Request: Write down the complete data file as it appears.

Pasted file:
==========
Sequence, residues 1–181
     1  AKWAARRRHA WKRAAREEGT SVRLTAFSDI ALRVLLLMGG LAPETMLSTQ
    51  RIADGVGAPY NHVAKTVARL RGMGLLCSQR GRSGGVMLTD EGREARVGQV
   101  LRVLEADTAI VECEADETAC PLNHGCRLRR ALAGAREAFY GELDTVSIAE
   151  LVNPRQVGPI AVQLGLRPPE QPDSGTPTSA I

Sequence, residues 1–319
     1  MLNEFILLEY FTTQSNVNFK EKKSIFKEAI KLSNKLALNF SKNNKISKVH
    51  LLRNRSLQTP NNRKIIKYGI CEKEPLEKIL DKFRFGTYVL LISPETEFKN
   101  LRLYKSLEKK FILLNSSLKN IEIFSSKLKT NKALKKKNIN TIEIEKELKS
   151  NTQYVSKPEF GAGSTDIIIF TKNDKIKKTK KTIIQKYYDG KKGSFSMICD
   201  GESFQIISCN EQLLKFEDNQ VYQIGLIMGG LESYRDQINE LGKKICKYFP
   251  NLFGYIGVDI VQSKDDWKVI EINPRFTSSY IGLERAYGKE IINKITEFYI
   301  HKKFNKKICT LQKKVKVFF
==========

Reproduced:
Sequence, residues 1–181
     1  AKWAARRRHA WKRAAREEGT SVRLTAFSDI ALRVLLLMGG LAPETMLSTQ
    51  RIADGVGAPY NHVAKTVARL RGMGLLCSQR GRSGGVMLTD EGREARVGQV
   101  LRVLEADTAI VECEADETAC PLNHGCRLRR ALAGAREAFY GELDTVSIAE
   151  LVNPRQVGPI AVQLGLRPPE QPDSGTPTSA I

Sequence, residues 1–319
     1  MLNEFILLEY FTTQSNVNFK EKKSIFKEAI KLSNKLALNF SKNNKISKVH
    51  LLRNRSLQTP NNRKIIKYGI CEKEPLEKIL DKFRFGTYVL LISPETEFKN
   101  LRLYKSLEKK FILLNSSLKN IEIFSSKLKT NKALKKKNIN TIEIEKELKS
   151  NTQYVSKPEF GAGSTDIIIF TKNDKIKKTK KTIIQKYYDG KKGSFSMICD
   201  GESFQIISCN EQLLKFEDNQ VYQIGLIMGG LESYRDQINE LGKKICKYFP
   251  NLFGYIGVDI VQSKDDWKVI EINPRFTSSY IGLERAYGKE IINKITEFYI
   301  HKKFNKKICT LQKKVKVFF